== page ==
New York State’s no-fault insurance laws turn the traditional tort model of negligence on its ear. Under New York‘s Insurance Code, all injured parties must look to the insurance policy insuring the car in which they rode to cover medical expenses and the like. The law is known as “no-fault” because the insurance company pays the damages without regard for who might be responsible for the collision. The theory supporting the implementation of the rule is that people can receive coverage for injuries quickly and efficiently. However, the law deprives accident victims of the opportunity to pursue other losses such as pain and suffering.
What Are the Exemptions to New York’s No-Fault Laws
Exceptions to the general rule exist. To qualify for an exemption, the plaintiff or claimant must show that he or she has lost more than $50,000.00 in economic damages or suffered a serious injury. A claimant may qualify for a serious injury exception if he or she:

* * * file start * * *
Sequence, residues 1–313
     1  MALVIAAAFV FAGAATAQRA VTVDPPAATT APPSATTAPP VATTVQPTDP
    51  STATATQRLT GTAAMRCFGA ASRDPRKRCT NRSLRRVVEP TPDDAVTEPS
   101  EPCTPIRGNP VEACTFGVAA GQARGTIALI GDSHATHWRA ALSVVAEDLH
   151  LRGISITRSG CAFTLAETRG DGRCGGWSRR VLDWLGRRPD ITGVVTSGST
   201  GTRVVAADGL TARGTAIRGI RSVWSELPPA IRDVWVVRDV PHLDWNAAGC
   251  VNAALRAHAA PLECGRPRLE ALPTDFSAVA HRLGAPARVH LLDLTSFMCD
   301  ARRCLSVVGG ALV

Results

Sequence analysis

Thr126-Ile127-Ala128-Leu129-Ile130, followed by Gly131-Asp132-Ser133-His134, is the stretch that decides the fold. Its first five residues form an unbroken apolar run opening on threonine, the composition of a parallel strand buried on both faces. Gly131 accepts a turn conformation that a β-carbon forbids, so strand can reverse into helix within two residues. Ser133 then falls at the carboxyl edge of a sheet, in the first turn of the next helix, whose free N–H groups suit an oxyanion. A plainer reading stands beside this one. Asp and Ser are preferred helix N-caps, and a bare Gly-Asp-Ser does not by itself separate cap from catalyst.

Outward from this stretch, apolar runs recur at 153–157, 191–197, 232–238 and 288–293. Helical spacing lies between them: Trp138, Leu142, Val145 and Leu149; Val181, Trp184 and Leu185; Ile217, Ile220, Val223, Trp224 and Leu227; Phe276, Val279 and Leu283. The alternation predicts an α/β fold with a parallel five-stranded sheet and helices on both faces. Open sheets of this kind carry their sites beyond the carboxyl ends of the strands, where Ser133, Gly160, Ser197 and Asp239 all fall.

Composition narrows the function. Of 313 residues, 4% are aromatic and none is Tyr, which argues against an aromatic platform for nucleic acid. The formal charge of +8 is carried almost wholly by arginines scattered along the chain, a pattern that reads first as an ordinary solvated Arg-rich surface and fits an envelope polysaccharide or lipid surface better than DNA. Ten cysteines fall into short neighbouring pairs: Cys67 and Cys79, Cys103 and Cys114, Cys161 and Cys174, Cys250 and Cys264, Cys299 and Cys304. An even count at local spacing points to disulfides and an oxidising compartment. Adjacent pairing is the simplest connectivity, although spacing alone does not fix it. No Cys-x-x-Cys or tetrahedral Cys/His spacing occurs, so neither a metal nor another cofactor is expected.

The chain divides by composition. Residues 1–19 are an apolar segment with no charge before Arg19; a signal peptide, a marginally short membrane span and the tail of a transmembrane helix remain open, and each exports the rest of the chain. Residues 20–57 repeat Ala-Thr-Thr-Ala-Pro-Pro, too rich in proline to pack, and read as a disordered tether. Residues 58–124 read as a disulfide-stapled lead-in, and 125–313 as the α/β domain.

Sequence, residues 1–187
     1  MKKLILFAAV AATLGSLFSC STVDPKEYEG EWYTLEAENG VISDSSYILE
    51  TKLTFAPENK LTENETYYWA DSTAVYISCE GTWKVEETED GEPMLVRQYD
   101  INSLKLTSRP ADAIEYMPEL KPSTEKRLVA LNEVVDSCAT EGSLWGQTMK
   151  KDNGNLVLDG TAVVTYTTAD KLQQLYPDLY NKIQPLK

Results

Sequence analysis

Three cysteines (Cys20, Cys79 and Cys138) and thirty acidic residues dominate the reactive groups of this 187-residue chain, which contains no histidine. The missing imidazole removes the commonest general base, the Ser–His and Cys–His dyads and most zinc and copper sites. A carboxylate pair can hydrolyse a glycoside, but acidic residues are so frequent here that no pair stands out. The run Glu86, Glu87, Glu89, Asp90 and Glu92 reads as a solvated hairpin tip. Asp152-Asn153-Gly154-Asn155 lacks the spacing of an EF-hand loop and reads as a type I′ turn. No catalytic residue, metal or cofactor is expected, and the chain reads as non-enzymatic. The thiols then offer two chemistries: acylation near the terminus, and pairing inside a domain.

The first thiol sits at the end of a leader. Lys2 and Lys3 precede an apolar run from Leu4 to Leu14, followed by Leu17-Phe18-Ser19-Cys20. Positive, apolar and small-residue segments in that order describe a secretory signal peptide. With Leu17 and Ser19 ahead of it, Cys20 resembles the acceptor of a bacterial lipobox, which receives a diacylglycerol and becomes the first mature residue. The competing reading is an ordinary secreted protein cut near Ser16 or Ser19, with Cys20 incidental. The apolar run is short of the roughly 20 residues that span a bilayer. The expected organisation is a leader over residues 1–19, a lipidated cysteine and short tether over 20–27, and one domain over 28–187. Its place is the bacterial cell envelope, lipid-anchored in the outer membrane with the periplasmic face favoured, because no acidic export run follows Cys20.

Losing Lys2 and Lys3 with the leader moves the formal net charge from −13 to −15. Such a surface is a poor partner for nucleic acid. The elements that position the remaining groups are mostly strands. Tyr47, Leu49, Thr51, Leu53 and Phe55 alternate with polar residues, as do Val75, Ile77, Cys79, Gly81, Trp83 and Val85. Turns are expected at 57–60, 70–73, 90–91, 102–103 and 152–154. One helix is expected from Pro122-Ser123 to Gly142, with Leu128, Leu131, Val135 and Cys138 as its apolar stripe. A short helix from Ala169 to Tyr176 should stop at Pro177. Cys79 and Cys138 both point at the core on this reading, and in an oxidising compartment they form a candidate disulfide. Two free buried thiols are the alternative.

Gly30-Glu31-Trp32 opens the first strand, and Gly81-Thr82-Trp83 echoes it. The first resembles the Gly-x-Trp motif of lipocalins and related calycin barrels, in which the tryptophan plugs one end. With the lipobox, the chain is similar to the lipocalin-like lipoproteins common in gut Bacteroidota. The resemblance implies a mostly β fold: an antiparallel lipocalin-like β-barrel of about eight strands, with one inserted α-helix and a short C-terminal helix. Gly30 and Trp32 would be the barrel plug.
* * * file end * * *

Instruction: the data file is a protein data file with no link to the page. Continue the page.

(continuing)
- Died in the crash,
- Suffered dismemberment or disfigurement,
- Suffered a broken or fractured bone,
- Lost a fetus,
- Suffered permanent or temporary loss of a body part or bodily function, or
- Experienced a non-permanent injury caused by the collision that persisted for at least 90 days during the first 180 days after the collision that also prevents the accident victim from performing the tasks attendant to his or her daily life.
Are Motorcycle Accidents Exempt from New York’s No-Fault Laws?
Yes. if you or a loved one were operator or the passenger of a motorcycle that was involved in an accident with injuries or death, you or your loved one are excluded from New York State’s No-Fault benefits (you may file a lawsuit from first dollar loss). In pedestrian-related motorcycle accidents, you must file your claim with the insurer of the at-fault motorcyclist.
Can I File a Lawsuit for “Serious Injury” Against Another Driver’s Liability Coverage?
In certain circumstance you are permitted to file a lawsuit against another driver if they caused the motor vehicle accident that injured you, and you suffered a “serious injury”. New York Insurance Law Section 5102(d) describes the medical conditions that satisfy the definition of “serious injury”.
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